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Health Care Transformation: A Shared Responsibility – News Release

Ottawa, August 4, 2010 – A new Canadian Medical Association (CMA) report on health-care transformation was met with a mix of optimism and concern by the Canadian Nurses Association (CNA).

“CMA is to be commended for contributing to the debate on health system transformation” said CNA president Judith Shamian. “We are pleased that many of the recommendations align with reforms that registered nurses have been proposing for years, including enhanced patient access to home and long-term care, and a more prominent focus on broad determinants of health. Canada’s nurses invite an open and frank discussion on how to best go about implementing these reforms.”

CNA believes that Canada’s health system needs to be advanced and overhauled so its population can access a full range of services without compromising their financial well-being. At the same time, we all need to work on advancing the system within a cost-effective framework. While CNA agrees that health system transformation is long overdue, it is not clear how CMA’s policy recommendations will, in fact, meet the legitimate health-care needs of Canadians while being affordable to the public purse.

“We have grave concerns about some of the recommendations in this report,” Shamian said, “first and foremost being the call to re-open the Canada Health Act.”

CNA believes it is necessary to have an amendment to the Act so consistent services can be offered to Canadians in areas that are not currently covered, such as rehabilitation services, preventive care, home care and more. Opening up the Canada Health Act is precarious and puts the spirit of the Act at risk. CMA’s report proposes significant changes to the Act, which include an array of funding options and performance incentives that open the door to private, for-profit care services that would compete directly with the public system.

“In its report, CMA calls for ‘political courage and leadership’ as well as flexibility from within the health-care professions,” noted CNA’s chief executive officer Rachel Bard. She added, “We need to be asking what the physician community is prepared to change as its contribution to a transformed health-care system. We cannot build a transformed, patient-centered health system based on a physician-focused delivery model.” CNA notes that even in areas it could support, such as electronic health records for all Canadians, the report takes on a physician-focused “medical record” tone, and calls for the bulk of investments to be directed to physician use rather than health teams.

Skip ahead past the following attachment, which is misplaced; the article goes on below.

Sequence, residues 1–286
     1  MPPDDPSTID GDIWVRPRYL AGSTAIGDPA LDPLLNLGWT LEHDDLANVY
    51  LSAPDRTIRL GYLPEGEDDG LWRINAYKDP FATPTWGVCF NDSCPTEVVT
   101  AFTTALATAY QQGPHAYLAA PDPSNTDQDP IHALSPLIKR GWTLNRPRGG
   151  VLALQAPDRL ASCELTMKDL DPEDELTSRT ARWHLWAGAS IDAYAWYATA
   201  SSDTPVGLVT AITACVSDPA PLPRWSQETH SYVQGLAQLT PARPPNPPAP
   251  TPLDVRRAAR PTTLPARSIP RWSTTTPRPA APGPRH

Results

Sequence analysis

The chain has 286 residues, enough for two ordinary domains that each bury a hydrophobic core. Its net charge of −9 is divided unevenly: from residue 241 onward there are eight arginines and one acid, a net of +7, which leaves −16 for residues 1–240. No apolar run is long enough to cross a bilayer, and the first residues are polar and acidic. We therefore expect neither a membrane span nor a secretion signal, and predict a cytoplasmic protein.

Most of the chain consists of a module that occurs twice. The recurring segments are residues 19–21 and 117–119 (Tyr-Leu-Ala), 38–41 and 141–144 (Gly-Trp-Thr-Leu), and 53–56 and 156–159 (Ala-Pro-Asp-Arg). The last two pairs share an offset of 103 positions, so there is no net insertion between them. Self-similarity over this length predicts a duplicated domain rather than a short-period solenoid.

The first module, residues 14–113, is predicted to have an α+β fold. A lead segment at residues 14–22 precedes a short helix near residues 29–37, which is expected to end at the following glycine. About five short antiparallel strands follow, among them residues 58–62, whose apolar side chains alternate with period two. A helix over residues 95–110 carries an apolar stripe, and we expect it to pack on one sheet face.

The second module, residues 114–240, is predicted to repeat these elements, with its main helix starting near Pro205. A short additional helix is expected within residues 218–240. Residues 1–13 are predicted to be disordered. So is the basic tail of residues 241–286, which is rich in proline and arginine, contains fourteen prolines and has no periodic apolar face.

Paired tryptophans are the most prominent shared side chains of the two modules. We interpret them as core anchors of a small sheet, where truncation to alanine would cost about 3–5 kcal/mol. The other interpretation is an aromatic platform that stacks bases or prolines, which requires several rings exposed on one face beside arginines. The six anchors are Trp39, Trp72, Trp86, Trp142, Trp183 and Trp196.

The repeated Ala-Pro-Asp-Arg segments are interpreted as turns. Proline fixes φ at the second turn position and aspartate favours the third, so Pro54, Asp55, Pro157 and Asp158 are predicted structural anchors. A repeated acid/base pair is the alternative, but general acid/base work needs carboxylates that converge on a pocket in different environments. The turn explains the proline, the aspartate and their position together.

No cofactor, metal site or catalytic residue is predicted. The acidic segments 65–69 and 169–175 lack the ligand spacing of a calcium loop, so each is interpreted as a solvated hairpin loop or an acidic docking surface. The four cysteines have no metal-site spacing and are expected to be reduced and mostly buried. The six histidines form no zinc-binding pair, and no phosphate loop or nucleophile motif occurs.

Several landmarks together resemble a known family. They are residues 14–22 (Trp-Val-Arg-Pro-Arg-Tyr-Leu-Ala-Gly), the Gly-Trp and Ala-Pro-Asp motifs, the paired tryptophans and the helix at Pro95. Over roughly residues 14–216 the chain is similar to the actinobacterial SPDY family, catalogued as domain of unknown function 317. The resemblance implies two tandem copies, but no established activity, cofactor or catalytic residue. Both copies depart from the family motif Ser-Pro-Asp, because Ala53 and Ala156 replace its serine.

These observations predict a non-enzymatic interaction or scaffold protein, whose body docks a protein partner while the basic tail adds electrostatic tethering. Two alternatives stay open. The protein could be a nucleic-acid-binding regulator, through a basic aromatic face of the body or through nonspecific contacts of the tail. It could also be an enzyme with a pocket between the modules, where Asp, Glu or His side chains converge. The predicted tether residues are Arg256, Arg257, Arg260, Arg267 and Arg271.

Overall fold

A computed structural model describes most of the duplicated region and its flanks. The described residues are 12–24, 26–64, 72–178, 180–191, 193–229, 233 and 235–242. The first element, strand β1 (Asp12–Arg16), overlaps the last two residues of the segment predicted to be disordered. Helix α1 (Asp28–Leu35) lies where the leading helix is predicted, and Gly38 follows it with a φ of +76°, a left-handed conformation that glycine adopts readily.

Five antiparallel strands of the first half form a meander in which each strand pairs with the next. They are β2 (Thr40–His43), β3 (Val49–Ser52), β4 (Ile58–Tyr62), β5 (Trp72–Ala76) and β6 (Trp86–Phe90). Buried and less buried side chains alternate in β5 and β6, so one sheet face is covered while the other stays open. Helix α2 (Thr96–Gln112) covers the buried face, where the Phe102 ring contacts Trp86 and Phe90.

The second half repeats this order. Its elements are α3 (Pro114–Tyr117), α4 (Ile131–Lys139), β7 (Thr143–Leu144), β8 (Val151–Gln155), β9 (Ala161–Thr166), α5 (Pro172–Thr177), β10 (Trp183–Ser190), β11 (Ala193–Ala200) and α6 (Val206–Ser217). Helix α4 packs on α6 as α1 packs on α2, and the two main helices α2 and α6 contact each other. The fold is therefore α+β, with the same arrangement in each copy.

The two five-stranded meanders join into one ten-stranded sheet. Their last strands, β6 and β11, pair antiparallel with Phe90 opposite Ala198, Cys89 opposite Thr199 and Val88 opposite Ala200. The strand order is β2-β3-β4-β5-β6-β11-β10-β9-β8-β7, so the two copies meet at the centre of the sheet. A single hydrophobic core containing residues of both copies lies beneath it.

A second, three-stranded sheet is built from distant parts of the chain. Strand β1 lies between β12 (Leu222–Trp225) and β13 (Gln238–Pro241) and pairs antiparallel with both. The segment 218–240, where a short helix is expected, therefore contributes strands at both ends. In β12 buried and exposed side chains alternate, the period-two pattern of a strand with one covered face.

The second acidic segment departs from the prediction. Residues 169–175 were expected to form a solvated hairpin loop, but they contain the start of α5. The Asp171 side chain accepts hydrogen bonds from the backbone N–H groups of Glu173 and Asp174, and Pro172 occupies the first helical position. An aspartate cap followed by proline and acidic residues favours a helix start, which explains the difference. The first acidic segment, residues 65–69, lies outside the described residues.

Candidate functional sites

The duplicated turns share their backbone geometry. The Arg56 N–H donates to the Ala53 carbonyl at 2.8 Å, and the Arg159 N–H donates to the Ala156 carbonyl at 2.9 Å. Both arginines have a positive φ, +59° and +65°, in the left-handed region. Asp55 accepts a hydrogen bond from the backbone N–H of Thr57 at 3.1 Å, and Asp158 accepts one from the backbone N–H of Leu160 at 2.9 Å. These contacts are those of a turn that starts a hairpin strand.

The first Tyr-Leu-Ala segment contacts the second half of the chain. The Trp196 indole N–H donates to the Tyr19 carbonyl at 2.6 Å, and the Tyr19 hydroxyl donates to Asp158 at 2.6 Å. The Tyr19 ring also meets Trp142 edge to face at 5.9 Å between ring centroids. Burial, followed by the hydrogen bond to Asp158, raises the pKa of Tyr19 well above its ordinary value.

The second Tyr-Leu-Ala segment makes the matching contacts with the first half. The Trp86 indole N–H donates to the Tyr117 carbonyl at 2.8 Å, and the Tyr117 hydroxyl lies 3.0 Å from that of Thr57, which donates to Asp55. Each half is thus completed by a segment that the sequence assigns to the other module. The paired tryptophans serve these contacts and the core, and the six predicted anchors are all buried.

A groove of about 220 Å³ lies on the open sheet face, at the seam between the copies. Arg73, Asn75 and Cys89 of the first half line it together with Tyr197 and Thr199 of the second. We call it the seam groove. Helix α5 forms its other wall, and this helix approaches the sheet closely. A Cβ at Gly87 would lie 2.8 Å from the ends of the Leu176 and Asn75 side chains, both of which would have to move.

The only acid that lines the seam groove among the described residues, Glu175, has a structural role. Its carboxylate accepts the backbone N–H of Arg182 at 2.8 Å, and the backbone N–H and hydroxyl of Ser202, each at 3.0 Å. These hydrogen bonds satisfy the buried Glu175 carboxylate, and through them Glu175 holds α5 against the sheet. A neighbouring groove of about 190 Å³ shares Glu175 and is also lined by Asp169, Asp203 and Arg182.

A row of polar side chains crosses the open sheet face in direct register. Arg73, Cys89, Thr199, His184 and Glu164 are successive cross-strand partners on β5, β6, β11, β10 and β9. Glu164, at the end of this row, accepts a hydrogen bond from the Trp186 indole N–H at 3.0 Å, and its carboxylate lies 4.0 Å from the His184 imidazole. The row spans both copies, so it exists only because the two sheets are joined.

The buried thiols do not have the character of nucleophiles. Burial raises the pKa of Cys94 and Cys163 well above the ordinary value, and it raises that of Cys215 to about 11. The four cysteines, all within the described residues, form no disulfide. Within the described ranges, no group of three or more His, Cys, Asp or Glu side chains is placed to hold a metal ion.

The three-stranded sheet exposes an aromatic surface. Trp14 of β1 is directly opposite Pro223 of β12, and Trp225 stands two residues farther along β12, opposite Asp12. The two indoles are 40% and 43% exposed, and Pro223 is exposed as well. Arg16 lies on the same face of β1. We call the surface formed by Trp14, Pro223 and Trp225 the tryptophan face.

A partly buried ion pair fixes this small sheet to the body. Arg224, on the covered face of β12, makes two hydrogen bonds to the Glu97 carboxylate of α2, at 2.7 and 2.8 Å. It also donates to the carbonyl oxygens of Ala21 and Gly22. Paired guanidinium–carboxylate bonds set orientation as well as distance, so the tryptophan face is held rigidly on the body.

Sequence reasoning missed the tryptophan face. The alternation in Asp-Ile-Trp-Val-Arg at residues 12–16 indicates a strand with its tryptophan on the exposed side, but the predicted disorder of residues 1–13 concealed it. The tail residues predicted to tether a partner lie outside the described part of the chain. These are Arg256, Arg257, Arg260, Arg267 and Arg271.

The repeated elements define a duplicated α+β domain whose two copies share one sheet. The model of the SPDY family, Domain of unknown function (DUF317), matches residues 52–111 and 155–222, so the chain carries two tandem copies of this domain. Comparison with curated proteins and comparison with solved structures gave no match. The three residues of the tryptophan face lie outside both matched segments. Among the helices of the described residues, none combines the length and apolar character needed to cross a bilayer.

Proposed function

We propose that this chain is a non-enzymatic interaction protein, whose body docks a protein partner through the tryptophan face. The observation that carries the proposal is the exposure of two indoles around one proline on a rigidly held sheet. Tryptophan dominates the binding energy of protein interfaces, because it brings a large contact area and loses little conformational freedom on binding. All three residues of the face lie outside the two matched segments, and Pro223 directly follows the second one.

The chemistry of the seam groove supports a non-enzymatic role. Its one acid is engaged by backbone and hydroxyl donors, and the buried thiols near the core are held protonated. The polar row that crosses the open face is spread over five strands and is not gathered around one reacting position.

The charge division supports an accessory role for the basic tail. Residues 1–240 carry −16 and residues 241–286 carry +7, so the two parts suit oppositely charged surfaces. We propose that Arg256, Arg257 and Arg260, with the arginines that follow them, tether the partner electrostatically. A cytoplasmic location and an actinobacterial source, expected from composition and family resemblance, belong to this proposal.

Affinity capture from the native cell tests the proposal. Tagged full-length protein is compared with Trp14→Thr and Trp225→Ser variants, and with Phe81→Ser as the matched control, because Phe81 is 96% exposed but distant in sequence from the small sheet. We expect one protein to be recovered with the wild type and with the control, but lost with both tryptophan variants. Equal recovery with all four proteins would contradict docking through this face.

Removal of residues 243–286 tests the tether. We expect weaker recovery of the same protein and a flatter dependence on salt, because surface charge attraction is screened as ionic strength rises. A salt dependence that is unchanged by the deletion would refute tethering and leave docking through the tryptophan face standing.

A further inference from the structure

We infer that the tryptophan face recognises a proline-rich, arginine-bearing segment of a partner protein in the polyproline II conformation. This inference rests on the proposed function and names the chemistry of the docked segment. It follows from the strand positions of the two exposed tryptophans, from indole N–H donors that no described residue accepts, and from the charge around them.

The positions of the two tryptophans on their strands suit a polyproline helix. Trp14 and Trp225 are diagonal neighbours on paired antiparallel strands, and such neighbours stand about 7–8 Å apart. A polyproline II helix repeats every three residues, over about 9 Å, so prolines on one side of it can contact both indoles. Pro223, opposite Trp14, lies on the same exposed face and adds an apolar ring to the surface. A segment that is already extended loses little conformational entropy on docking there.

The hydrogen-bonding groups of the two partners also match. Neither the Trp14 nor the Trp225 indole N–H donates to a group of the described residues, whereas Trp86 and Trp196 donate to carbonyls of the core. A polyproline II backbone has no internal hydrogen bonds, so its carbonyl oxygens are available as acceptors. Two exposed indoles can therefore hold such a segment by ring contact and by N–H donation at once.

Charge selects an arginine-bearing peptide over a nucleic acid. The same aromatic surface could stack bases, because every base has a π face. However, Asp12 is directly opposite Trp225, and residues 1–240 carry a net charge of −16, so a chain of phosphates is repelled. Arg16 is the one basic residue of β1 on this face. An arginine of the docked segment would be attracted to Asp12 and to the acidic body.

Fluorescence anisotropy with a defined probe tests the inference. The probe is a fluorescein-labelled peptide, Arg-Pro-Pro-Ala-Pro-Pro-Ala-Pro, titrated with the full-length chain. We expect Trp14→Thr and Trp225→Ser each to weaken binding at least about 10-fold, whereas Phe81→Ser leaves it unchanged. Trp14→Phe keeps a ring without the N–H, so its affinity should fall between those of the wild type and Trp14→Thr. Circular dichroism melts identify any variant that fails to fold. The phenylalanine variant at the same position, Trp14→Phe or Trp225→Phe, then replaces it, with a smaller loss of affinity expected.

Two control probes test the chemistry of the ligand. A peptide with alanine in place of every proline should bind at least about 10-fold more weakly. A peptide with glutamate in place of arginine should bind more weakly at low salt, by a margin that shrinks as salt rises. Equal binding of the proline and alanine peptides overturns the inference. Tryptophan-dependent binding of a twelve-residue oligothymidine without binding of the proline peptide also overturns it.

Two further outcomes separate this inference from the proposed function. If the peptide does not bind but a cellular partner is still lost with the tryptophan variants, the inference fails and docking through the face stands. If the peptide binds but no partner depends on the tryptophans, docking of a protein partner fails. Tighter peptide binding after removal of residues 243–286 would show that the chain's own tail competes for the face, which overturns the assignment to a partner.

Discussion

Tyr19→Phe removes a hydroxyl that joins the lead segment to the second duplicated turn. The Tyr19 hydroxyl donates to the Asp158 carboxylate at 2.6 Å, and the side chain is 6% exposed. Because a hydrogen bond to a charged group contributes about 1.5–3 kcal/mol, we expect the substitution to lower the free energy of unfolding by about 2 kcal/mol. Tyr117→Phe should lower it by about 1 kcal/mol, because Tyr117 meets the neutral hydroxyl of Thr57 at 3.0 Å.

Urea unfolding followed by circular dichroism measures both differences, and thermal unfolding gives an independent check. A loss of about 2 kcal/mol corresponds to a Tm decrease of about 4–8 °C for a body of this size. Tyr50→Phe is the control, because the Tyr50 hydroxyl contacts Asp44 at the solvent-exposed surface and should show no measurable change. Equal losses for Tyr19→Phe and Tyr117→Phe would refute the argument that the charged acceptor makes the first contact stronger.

According to CNA, many other health-care professionals – including nurse practitioners, physiotherapists and psychologists – serve as cost-effective entry points into the health-care system. “For example, we know that most Canadians are in favour of an expanded role for nurse practitioners,” Shamian said, with three in four saying they would be comfortable seeing a nurse practitioner instead of their family doctor. A 2009 Canadian Press Harris-Decima survey found that 88 per cent of respondents would be comfortable being treated by a nurse practitioner at a walk-in clinic. And studies show that the addition of a registered nurse to a family practice has a tremendous positive effect on the number of patients that can be served.

Employed widely, these kinds of cost-effective strategies will ease the physician bottleneck that is slowing down timely access to health care.

“We are eager to see health-care reform back on the political agenda,” said Shamian. But for CNA, health reform includes broad policy around housing, healthy aging, income support, and thinking about the way resources are used across the system rather than assuming more must always be added.

According to Shamian, nurses propose “future-focused, cost-effective solutions to ensure that the broad health needs of all Canadians really can be met in sustainable ways within the public health-care system. CNA will create new opportunities to engage health professionals, governments and decision-makers in meaningful dialogues about system transformation.”


CNA is the national professional voice of registered nurses in Canada. It is a federation of 11 provincial and territorial nursing associations and colleges representing 139,893 registered nurses. CNA believes that the sustainability of a quality, publicly funded, not-for-profit health system rests upon a vibrant nursing workforce.


For more information, contact:

Heike Hemlin
Communications Coordinator
Canadian Nurses Association
Tel.: 613-237-2159 ext. 536
E-mail: hhemlin@cna-aiic.ca